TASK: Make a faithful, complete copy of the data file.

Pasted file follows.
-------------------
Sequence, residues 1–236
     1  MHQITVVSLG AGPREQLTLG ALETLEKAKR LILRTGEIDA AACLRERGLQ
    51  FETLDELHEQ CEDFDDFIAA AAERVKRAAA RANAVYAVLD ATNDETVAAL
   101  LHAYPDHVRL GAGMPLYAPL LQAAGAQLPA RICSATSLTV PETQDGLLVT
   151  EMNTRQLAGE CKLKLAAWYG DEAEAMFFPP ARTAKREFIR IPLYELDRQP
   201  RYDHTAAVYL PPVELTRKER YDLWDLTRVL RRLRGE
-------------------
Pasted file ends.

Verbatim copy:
Sequence, residues 1–236
     1  MHQITVVSLG AGPREQLTLG ALETLEKAKR LILRTGEIDA AACLRERGLQ
    51  FETLDELHEQ CEDFDDFIAA AAERVKRAAA RANAVYAVLD ATNDETVAAL
   101  LHAYPDHVRL GAGMPLYAPL LQAAGAQLPA RICSATSLTV PETQDGLLVT
   151  EMNTRQLAGE CKLKLAAWYG DEAEAMFFPP ARTAKREFIR IPLYELDRQP
   201  RYDHTAAVYL PPVELTRKER YDLWDLTRVL RRLRGE